Surf Scoter, Melanitta perspicilliata
The Surf Scoter (Melanitta perspicilliata) is a sea duck of large size, which breeds in Canada and Alaska. It’s placed in the subgenus Melanitta, along with the Velvet and White-winged Scoters, distinct from the subgenus Oidemia, Black and Common Scoters.
It winters further south in temperate zones, on the coasts of the northern United States. Small numbers regularly winter in Western Europe as far south as the British Isles. It creates large flocks on suitable coastal waters. These flocks are tightly packed, and the birds tend to take off all together.
The nest is lined and it is built on the ground nearby the sea, lakes or rivers, in woodland or tundra. The clutch consists of around 5 to 9 eggs. An egg may range from 1.9 to 2.8 ounces and averages 1.7 inches in breadth and 2.5 inches in length. Occasional brood mixing between different females happens in areas with high densities of nests. Growth is quite rapid and the incubation period is about 28 to 30 days. The offspring will then fledge independently at about 55 days.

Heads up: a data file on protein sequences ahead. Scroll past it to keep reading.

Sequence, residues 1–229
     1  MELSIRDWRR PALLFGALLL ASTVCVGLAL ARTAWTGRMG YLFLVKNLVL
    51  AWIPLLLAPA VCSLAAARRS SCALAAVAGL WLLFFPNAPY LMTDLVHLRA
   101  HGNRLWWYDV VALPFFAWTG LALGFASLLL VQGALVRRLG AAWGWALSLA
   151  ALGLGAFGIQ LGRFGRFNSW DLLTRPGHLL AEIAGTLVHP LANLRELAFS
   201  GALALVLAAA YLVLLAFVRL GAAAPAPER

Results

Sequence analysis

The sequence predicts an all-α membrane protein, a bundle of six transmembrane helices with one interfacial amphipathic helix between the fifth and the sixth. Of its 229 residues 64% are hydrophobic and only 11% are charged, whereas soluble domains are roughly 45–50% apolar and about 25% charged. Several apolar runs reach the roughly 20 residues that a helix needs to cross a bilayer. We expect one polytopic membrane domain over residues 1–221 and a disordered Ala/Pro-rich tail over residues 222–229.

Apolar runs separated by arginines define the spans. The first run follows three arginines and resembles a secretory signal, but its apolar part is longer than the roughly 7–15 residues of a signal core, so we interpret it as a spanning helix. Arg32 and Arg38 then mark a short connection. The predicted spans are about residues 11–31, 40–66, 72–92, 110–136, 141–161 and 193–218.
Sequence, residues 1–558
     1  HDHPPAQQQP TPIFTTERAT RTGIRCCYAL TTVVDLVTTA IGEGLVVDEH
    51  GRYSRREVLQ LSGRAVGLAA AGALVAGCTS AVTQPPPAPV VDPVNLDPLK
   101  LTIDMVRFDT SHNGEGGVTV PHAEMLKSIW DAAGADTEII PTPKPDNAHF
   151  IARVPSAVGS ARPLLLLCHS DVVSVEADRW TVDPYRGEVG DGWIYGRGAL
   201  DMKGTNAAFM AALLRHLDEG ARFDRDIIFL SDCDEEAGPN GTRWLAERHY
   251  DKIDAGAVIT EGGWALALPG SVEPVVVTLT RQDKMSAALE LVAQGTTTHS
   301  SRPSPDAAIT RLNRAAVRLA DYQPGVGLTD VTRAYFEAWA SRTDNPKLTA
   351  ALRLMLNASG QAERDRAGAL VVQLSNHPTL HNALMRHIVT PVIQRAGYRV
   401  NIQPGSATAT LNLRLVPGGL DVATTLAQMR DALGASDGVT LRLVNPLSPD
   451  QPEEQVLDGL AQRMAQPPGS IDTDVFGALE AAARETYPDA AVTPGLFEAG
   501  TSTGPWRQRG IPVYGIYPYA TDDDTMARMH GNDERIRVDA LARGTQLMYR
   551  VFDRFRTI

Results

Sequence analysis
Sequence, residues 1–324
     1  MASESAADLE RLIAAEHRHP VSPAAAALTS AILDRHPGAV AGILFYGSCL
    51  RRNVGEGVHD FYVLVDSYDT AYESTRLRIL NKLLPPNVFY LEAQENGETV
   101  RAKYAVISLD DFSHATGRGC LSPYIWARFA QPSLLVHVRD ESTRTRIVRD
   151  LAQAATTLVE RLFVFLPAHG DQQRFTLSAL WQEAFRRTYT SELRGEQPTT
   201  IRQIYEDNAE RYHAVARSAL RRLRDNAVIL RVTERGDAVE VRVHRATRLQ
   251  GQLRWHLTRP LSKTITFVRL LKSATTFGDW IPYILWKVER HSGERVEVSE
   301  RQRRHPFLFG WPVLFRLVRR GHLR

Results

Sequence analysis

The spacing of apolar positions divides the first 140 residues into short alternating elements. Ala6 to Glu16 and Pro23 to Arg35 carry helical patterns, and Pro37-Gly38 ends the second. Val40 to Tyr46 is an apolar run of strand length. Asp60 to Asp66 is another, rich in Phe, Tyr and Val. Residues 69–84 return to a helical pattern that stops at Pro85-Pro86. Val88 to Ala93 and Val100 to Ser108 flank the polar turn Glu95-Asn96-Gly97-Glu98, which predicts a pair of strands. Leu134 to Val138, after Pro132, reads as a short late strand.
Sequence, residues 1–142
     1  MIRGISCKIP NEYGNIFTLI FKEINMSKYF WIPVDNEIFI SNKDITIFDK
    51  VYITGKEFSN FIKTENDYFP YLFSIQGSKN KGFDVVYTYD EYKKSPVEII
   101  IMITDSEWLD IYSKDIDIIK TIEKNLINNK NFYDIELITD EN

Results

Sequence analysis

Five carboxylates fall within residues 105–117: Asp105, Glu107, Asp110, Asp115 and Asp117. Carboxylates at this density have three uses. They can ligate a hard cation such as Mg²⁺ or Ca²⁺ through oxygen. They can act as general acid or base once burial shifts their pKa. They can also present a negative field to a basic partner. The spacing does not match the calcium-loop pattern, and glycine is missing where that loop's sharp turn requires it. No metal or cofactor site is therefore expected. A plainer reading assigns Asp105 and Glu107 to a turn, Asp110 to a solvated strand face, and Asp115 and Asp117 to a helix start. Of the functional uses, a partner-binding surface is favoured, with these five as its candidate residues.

The adult female averages about 2 pounds and 17 inches in length, while the adult male is, on average, 2.3 pounds and 19 inches long, making this the smallest species of scoter on average. It’s characterized by its bulky shape and its large bill. The male individual is all black, except for white patches on the nape and on the forehead. It has a bulbous red, yellow, and white colored bill. The female individuals are brown with pale head patches. The wedge-shaped head and the lack of white in the wings help to distinguish female Surf Scoters from female Velvet Scoters.
This species consumes crustaceans and mollusks. The ducklings live off of any variety of freshwater invertebrates.
Image Caption: Melanitta perspicillata – Surf Scoter (Male), Bolsa Chica Ecological Reserve, Huntington Beach, California. Credit: Alan D. Wilson/Wikipedia (CC BY-SA 2.5)